USA: A century after women gained the right to vote, still a lot of work to do on gender equality
About three-in-ten men say women’s gains have come at the expense of men.
By Juliana Menasce Horowitz & Ruth Igielnik
Pew Research Center (07.07.2020) – https://pewrsr.ch/2ZNAumx – A hundred years after the 19th Amendment was ratified, about half of Americans say granting women the right to vote has been the most important milestone in advancing the position of women in the country. Still, a majority of U.S. adults say the country hasn’t gone far enough when it comes to giving women equal rights with men, even as a large share thinks there has been progress in the last decade, according to a new Pew Research Center survey.
Among those who think the country still has work to do in achieving gender equality, 77% point to sexual harassment as a major obstacle to women having equal rights with men. Fewer, but still majorities, point to women not having the same legal rights as men (67%), different societal expectations for men and women (66%) and not enough women in positions of power (64%) as major obstacles to gender equality. Women are more likely than men to see each of these as a major obstacle.
Many of those who say it is important for men and women to have equal rights point to aspects of the workplace when asked about what gender equality would look like. Fully 45% volunteer that a society where women have equal rights with men would include equal pay. An additional 19% say there would be no discrimination in hiring, promotion or educational opportunities. About one-in-ten say women would be more equally represented in business or political leadership.
In terms of the groups and institutions that have done the most to advance the rights of women in the U.S., 70% say the feminist movement has done at least a fair amount in this regard. The Democratic Party is viewed as having contributed more to the cause of women’s rights than the Republican Party: 59% say the Democratic Party has done at least a fair amount to advance women’s rights, while 37% say the same about the GOP. About three-in-ten (29%) say President Donald Trump has done at least a fair amount to advance women’s rights, while 69% say Trump has not done much or has done nothing at all. These views vary considerably by party, with Republicans and Republican leaners at least five times as likely as Democrats and those who lean Democratic to say the GOP and Trump have done at least a fair amount and Democrats far more likely than Republicans to say the same about the Democratic Party.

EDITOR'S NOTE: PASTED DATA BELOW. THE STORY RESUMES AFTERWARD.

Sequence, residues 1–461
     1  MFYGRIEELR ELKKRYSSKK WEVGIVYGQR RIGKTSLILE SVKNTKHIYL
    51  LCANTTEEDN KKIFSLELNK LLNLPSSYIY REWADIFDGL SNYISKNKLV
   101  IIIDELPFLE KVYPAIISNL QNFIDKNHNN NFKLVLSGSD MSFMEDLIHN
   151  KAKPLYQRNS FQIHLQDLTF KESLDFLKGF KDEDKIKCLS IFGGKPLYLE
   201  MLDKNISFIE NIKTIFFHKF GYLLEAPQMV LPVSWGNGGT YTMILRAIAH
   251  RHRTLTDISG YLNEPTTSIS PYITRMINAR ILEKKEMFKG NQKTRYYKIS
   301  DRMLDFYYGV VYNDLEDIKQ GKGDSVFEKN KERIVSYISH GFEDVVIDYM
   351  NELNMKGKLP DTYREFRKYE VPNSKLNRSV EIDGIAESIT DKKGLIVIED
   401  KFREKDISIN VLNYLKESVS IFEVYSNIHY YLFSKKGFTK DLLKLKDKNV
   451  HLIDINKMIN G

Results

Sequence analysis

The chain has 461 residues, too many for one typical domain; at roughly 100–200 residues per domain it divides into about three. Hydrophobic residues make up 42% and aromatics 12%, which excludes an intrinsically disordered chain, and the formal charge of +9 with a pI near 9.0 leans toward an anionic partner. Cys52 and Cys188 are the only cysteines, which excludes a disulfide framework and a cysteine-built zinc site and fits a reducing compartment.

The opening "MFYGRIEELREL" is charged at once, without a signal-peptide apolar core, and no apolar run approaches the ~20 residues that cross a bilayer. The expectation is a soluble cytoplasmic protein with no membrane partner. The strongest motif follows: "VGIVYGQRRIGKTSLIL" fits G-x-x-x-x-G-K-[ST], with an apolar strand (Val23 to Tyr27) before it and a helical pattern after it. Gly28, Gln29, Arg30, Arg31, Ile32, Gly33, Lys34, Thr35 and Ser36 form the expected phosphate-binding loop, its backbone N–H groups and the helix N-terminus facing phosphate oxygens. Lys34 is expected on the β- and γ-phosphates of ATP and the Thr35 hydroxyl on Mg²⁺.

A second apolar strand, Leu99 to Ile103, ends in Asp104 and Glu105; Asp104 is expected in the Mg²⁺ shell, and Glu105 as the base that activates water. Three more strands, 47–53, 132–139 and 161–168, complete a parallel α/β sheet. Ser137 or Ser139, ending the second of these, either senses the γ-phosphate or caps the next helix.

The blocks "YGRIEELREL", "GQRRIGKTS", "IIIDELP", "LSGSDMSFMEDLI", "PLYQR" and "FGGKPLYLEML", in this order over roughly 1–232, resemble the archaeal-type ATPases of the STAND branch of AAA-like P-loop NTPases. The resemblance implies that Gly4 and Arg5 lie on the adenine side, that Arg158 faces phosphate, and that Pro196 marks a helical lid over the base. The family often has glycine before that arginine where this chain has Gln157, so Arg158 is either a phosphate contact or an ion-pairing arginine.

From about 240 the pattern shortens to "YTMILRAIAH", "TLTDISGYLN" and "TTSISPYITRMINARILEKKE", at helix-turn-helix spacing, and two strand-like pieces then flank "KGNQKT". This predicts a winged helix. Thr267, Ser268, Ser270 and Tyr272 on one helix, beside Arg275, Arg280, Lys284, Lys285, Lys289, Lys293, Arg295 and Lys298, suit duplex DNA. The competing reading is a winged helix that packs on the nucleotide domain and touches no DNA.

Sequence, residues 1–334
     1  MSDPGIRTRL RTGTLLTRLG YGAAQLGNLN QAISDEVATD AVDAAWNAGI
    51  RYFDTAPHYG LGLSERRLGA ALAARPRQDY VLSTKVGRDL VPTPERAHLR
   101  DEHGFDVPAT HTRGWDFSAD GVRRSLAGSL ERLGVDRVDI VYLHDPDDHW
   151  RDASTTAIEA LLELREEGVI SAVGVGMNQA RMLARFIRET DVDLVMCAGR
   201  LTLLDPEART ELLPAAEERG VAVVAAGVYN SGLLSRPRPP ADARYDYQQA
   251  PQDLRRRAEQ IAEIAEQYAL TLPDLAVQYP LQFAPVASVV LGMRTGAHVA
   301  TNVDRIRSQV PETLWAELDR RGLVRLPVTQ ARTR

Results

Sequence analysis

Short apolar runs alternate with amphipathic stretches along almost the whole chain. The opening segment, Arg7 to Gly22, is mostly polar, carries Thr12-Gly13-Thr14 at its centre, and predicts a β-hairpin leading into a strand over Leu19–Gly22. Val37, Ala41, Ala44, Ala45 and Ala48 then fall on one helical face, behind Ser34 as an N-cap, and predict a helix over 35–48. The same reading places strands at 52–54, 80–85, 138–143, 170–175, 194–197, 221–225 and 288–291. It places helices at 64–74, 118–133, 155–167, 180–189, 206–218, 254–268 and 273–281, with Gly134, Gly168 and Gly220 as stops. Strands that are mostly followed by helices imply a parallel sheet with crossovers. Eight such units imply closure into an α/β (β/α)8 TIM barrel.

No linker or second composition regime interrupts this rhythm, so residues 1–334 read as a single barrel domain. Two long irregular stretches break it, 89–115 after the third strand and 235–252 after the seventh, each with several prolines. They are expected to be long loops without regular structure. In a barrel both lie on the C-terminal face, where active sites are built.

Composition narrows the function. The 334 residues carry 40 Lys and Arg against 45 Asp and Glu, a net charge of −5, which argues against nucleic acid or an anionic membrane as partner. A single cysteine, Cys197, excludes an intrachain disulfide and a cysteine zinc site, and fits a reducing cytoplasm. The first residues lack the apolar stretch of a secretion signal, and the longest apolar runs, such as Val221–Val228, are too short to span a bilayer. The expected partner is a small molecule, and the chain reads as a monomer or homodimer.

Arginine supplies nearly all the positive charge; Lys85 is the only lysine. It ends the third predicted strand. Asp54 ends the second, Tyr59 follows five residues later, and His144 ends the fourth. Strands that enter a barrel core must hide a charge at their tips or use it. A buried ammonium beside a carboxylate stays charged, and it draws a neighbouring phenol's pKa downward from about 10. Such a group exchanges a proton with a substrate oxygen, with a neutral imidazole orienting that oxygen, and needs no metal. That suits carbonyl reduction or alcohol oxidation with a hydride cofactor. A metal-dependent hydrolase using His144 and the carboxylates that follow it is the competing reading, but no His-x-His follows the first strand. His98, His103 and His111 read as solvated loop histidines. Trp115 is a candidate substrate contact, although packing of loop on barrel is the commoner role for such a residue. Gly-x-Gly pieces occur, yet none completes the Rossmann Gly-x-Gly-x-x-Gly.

Views of the role the feminist movement has played in advancing gender equality are positive overall, though fewer than half of women say the movement has been beneficial to them personally. About four-in-ten (41%) say feminism has helped them at least a little, while half say it has neither helped nor hurt them. Relatively few (7%) say feminism has hurt them personally. Democratic women, those with a bachelor’s degree or more education and women younger than 50 are among the most likely to say they’ve benefitted personally from feminism.
Views about how much progress the country has made on gender equality differ widely along partisan lines. About three-quarters of Democrats (76%) say the country hasn’t gone far enough when it comes to giving women equal rights with men, while 19% say it’s been about right and 4% say the country has gone too far. Among Republicans, a third say the country hasn’t made enough progress, while 48% say it’s been about right and 17% say the country has gone too far in giving women equal rights with men.
There is also a gender gap in these views, with 64% of women – compared with 49% of men – saying the country hasn’t gone far enough in giving women equal rights with men. Democratic and Republican women are about ten percentage points more likely than their male counterparts to say this (82% of Democratic women vs. 70% of Democratic men and 38% of Republican women vs. 28% of Republican men).
The nationally representative survey of 3,143 U.S. adults was conducted online from March 18-April 1, 2020.1
Click here for other key findings and the full report.